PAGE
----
The key finding in this study was the relatively large difference and poor limits of agreements compared with similar data in early reports [12–14]. The inconsistent findings may be because of differences in populations; the early studies [12–14] may to a large extent have investigated people with mild hypertension referred for AMBP, whereas the present [11] and some other recent studies have included people with high-risk hypertension and hypertensive people being well treated with antihypertensive drugs. The present study thus showed that the discrepancy was larger in people with higher cardiovascular risk and more asymptomatic cardiovascular disease. The lower the unattended-AOBP, the larger the discrepancy and it may be tempting to speculate that the BP reactivity is larger in people with more advanced cardiovascular disease. In other words, the higher cardiovascular risk and the more subclinical disease, the larger is the potential for these people to have a decrease in BP when they are seated completely unattended and by themselves during standard quiet conditions in the clinic to have their BP taken with a preset automated device. Such conditions may be extended beyond the clinic or the physician's office: ‘Being alone and not location is what matters most’ [15].

Thus, it matters how BP is measured. Office BP taken manually, with semi-automated or even with automated device [2] has been the standard in all outcomes trials in hypertension research until the SPRINT study [1] came about. Typically, study participants have been seated quietly for 5 min before measurements. This standardization of BP measurements has been a major achievement for research. There are minor differences in the way measurements have been done and reference values have been extracted (waiting time, average of three measurements, average of last two measurements, etc.), but basically the same method has been used all over the world, which is a treasure for hypertension research. We can just imagine what it will mean in the future to have articles adopting SPRINT and other classical measurements, with no possibility to compare.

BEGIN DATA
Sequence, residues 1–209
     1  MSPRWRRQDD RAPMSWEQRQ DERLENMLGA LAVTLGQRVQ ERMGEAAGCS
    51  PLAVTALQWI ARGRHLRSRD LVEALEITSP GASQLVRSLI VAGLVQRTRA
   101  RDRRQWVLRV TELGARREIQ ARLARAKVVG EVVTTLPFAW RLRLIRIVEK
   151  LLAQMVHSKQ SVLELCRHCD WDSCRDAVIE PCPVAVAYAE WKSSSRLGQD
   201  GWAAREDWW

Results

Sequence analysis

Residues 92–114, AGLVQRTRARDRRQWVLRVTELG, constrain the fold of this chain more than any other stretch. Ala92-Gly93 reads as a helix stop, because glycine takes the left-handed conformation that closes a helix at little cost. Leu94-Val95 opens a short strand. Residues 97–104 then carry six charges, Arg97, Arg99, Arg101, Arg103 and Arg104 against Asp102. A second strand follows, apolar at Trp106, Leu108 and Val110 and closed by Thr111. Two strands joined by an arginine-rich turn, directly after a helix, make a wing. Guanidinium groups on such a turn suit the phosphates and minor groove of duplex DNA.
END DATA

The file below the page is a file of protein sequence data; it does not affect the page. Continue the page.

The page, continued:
The novelty with BP measurements in SPRINT was the unattended approach, which was a part of the protocol followed by a large group of investigators but not necessarily by all [4]. SPRINT was an outcome trial, which searched for the optimal target SBP in high-risk hypertensive people [1]. SPRINT, like the present study by Seo et al. [11], showed a large discrepancy between unattended-AOBP and AMBP [5] probably because patients were of the high-risk category, and thus similar to the patients in the study by Seo et al. [11]. We have been critical to an approach like this in the investigation of the optimal target office BP in the treatment of hypertension [16]. The main reason for our criticism [16] is that many patients will be treated to unexpectedly low-target BPs when unattended-AOBP is used; they may get adverse events because of hypotension, and subsequently they may discontinue treatment and remain unprotected from antihypertensive treatment.

In addition, unattended-AOBP has limited documentation in predicting cardiovascular disease. To our knowledge, observational data is limited to one prospective study in Canada in which unattended-AOBP was taken in pharmacies [17]. There was a relationship with cardiovascular disease but the relationship was not very strong [17]. Because of widespread use of unattended-AOBP, it could even cause a concern that BP is underestimated in the Canadian population [18,19]. It could then be argued that BP could rather be taken during a short (6 min) bicycle exercise test at a moderate load like 100 W; an early rise in SBP in this setting is a strong predictor of coronary disease and cardiovascular death [20] even when adjusted for BP at rest and other cardiovascular risk factors. But there is no randomized intervention trial to support using exercise BP as basis for treatment in clinical practice – much like AMBP, home BP and the unattended-AOBP. The conclusion is then that in clinical practice, we should measure office BP measurements with physician or personal being present during measurements, manually or with semi-automated or automated device. All other methods for measurements of BP should be supplementary, whichever method we may believe in when we assess cardiovascular risk.

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Conflicts of interest

S.E.K. has received lecture and consulting honoraria from Bayer, Merck & Co., Sanofi and Takeda. G.M. reports no relevant conflicts of interest to this commentary.